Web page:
The Butterflies of Massachusetts


14 American Copper  Lycaena phlaeas   (Linnaeus, 1761) 

Ironically, our bright little American Copper may not be so American after all. Its two host plants in our area are both non-natives: sheep sorrel (Rumex acetosella) and Curly Dock (Rumex crispus).  It is found most often in dry, disturbed areas. Most writers view it as conspecific with the Flame Copper or Small Copper (Lycaena phlaes) of Europe, though a few prefer to designate it as subspecies ‘americana.”  It actually most closely resembles the Nordic or “polaris” race in Europe.  The species is holarctic, found northward to the Arctic regions in North America.  Opler and Krizek (1984) are probably correct in believing that the eastern populations of American Copper arrived here along with the European colonists. But some authors have demurred,  with Layberry 1998 seeing some visible differences from European specimens, and Glassberg 1999 pointing out that native butterflies have often quickly latched on to introduced plant hosts, finding them quite sustaining. To date, no DNA work has been done on this interesting question, although that should surely settle the matter.

A key problem with the “native” argument in the case of American Copper is that it is hard to imagine what this butterfly’s original host might have been: there simply does not seem to be a suitable plant available, at least here in the northeast. All other native Rumex species,   such as orbiculatus (used by the Bronze Copper) and verticillatus and salicifolius and maritimus, are wetland-associated plants.

Photo: T. Whelan, Mass.   8/31/2006

Of the other plants mentioned by Scott (1986) as hosts, Oxyria digyna, mountain-sorrel, is a Eurasian   alpine found only on Mt. Washington in our area. It is used by American Copper in alpine areas in Canada (Layberry). And R. hastatulus, or dune sorrel, was introduced in Massachusetts, as was R. acetosa, or garden sorrel (Sorrie and Somers 1999). We may never know exactly how or when the American Copper arrived in the eastern United States; but its lack of native hosts, and concentration on a small number of Eurasian hosts in disturbed areas, led even Scudder to conclude that “It would appear more probable on general grounds that [our butterfly] originated in the Old World” (Scudder 1897: 209).

American Copper is on Thaddeus Harris’ list of butterflies collected in the Boston area 1820-26 (Harris n.d. "List"). He collected one specimen April 15, 1827, and another in Cambridge May 15, 1830 (Harris 1822-1850 Index Lepidopterum).  He knew the butterfly well, though it was apparently not “injurious” enough to mention in his 1841 report. He proposed to call it L. Americana, separating it from the L. phleas of Europe, but Scudder was more struck with the resemblance.  Both Harris and Scudder agree that it was “very abundant everywhere” in New England in the late 1800s, with Scudder describing three broods each year for most of Massachusetts, only one host plant (Rumex acetosella) as far as he knew, basking behavior, two parasites, and bird predators (Scudder, 1862; 1889:1008-9). Thoreau observed this butterfly in Concord on several occasions: on July 29, 1853, he counted ten on a single aster plant (Stichter 2009b).

Host Plants and Habitat

Only two hosts, sheep-sorrel (Rumex acetosella), and curly dock (Rumex crispus) are normally listed for our area. Scott (1986) also lists garden sorrel (Rumex acetosa). All are introduced.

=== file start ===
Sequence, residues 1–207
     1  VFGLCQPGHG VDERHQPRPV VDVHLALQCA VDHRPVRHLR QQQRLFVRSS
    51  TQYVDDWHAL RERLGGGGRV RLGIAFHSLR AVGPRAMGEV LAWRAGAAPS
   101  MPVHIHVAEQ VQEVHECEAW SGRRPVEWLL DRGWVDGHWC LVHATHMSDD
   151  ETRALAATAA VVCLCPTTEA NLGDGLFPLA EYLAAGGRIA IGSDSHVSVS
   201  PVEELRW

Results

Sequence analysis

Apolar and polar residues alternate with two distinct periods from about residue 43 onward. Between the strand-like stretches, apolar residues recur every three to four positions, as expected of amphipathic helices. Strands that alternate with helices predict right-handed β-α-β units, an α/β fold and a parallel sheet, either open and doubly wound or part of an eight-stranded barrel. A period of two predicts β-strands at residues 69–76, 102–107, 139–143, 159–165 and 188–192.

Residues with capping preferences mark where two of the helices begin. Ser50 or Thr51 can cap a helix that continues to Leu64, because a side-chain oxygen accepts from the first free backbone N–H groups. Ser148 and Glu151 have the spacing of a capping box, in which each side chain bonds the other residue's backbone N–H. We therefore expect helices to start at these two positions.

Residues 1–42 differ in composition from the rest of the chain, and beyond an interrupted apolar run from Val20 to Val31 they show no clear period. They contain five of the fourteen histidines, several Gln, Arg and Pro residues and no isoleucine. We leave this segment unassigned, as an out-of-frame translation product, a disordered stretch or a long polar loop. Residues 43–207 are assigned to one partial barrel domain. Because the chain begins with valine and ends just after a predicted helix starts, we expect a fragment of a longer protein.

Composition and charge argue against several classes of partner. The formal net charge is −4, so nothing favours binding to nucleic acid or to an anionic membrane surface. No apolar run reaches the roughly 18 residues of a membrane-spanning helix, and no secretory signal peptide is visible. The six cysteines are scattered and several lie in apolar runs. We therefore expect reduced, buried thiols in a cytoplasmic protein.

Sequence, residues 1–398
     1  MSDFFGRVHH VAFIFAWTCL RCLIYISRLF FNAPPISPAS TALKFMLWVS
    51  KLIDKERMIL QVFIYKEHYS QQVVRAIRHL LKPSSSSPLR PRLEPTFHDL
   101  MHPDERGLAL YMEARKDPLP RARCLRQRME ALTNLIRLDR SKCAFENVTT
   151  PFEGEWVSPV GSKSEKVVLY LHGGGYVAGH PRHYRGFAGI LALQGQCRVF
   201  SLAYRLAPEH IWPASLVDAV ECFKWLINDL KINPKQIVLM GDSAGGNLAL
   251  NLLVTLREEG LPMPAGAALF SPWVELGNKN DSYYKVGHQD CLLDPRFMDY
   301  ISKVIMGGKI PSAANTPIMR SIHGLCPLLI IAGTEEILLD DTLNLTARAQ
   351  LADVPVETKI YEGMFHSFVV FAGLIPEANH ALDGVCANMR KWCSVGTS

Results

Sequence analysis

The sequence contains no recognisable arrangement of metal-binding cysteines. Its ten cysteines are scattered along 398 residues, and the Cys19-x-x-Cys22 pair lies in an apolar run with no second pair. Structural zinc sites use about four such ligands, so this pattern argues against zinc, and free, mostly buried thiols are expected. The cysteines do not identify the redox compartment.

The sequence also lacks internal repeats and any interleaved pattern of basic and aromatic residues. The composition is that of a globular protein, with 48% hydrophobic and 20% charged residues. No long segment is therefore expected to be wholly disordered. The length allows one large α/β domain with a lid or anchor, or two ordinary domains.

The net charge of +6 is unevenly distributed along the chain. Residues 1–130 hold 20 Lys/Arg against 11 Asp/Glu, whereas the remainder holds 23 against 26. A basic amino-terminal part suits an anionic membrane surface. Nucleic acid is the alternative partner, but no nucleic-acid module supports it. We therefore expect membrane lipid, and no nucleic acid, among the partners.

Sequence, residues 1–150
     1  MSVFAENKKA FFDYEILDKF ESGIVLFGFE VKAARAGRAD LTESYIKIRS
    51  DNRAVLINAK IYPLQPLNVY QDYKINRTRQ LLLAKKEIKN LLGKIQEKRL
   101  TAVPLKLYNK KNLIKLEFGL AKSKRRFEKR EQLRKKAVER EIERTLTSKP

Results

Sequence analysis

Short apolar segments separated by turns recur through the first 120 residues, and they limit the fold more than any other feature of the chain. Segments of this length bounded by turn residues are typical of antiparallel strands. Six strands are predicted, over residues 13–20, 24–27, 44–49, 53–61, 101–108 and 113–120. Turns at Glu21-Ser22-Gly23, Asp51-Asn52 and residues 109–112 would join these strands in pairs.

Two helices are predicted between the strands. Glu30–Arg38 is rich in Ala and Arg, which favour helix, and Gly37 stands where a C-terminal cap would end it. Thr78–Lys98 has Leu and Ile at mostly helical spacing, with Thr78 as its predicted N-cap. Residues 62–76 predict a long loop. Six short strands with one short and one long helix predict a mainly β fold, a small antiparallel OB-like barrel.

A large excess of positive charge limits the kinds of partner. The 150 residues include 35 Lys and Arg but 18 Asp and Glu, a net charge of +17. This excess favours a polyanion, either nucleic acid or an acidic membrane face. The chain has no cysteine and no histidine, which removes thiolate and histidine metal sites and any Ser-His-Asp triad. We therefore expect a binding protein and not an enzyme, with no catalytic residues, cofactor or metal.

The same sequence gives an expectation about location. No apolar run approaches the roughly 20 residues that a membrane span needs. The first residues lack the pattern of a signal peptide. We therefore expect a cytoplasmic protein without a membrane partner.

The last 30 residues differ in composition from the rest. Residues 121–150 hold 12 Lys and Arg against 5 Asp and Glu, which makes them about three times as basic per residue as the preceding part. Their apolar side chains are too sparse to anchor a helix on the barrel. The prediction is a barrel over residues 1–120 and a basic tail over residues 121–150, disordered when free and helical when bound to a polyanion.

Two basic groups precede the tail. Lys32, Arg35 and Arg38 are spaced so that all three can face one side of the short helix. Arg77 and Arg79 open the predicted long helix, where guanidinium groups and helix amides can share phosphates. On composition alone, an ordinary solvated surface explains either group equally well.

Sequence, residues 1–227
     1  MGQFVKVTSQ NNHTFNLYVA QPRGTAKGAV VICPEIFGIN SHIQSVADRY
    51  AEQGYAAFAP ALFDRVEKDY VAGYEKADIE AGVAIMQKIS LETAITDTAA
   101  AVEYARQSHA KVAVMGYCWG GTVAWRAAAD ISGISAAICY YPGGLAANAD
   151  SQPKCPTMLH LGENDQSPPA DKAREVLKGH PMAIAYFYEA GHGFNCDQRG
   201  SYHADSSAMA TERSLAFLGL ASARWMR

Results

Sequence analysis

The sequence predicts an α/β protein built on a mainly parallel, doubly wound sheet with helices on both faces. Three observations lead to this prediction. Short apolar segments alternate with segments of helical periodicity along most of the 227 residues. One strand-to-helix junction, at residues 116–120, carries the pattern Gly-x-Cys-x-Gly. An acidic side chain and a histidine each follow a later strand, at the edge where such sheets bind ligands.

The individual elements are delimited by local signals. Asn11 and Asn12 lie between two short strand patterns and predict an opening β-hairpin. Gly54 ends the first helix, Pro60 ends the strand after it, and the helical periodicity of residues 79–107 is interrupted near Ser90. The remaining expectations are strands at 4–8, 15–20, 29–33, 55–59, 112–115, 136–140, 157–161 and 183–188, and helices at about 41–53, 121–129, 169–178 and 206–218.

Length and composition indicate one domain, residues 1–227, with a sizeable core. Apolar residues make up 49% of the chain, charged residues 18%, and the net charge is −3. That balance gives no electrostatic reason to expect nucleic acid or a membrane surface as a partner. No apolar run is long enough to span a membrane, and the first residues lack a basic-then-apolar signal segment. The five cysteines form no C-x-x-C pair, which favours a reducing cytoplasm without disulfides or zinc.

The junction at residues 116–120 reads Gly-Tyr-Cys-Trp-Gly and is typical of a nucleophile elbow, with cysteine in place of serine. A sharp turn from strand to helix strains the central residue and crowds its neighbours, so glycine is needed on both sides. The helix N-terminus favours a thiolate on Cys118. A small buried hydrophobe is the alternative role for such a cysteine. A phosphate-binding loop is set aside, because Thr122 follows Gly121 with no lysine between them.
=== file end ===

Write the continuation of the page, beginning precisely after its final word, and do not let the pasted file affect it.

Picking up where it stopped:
In fact the American Copper in our area appears to use exclusively sheep sorrel. In 2009 searches in eastern and central Massachusetts, Sam Jaffe found caterpillars only on sheep sorrel; never on curly dock (Jaffe 2010).  The Connecticut Atlas also found it in the wild only on sheep-sorrel.  Both Rumex species are common and widespread; they are found in every county in Massachusetts today (Sorrie and Somers 1999).

As to habitat, Scudder (1889: 1004) wrote that ‘It is found most commonly in dry, sandy or gravelly, barren spots favorable to the growth of sorrel, and is particularly common by the side of paths in dry pastures or upland highways. It constantly invades the town, and, afire itself, seems to delight in finding the hottest places for its gambols.” 

Today, American Copper is found in a great variety of disturbed habitats, especially abandoned fields, power line cuts, and railroad track rights of way.  But there are limits to how much hardscape this species can take, and converting disused railroad tracks to paved bike paths, for example, decreases habitat for this species.

Relative Abundance Today

American Copper undoubtedly benefited from forest clearing and agricultural development in the 1700s and 1800s (Table 1), and continued to thrive through the 1900s despite much suburban development, although it cannot survive in heavily hardscaped and landscaped areas.

According to MBC records, the American Copper is a Common species today, but it is not Abundant statewide to the same degree as the Cabbage White or the Clouded and Orange Sulphurs (Table 5).  The 1986-90 MAS Atlas also termed the American Copper “Common.” It was found in 169 out of 723 blocks, making it seem abundant, but it was somewhat less common in the western third of the state.  

The Breed et al. (2012) list-length study of 1992-2010 MBC data showed little change in detectibility of American Copper over this time period. But MBC reports per total butterfly trips do show important yearly variations (Chart 14), suggesting that American Copper numbers rose between 1996 and 2000, and were lower before and afterward.  But this result should be treated with caution, since some of the localized population build-ups reported may have been over-estimated by enthusiastic observers. The records since about 1994 include several large estimates made on some NABA counts. 

Chart 14. MBC Sightings per Trip Reports 1992-2009